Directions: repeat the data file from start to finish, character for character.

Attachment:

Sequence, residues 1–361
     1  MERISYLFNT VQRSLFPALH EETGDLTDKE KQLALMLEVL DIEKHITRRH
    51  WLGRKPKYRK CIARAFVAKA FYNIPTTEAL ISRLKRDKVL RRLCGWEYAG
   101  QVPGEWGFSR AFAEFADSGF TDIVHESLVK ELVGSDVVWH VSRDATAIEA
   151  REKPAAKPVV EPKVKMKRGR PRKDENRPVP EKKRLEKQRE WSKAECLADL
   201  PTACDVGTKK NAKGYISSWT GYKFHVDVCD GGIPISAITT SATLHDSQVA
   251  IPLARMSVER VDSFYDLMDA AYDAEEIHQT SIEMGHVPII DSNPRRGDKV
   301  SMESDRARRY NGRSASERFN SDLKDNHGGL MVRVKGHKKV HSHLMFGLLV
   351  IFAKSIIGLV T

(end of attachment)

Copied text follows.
Sequence, residues 1–361
     1  MERISYLFNT VQRSLFPALH EETGDLTDKE KQLALMLEVL DIEKHITRRH
    51  WLGRKPKYRK CIARAFVAKA FYNIPTTEAL ISRLKRDKVL RRLCGWEYAG
   101  QVPGEWGFSR AFAEFADSGF TDIVHESLVK ELVGSDVVWH VSRDATAIEA
   151  REKPAAKPVV EPKVKMKRGR PRKDENRPVP EKKRLEKQRE WSKAECLADL
   201  PTACDVGTKK NAKGYISSWT GYKFHVDVCD GGIPISAITT SATLHDSQVA
   251  IPLARMSVER VDSFYDLMDA AYDAEEIHQT SIEMGHVPII DSNPRRGDKV
   301  SMESDRARRY NGRSASERFN SDLKDNHGGL MVRVKGHKKV HSHLMFGLLV
   351  IFAKSIIGLV T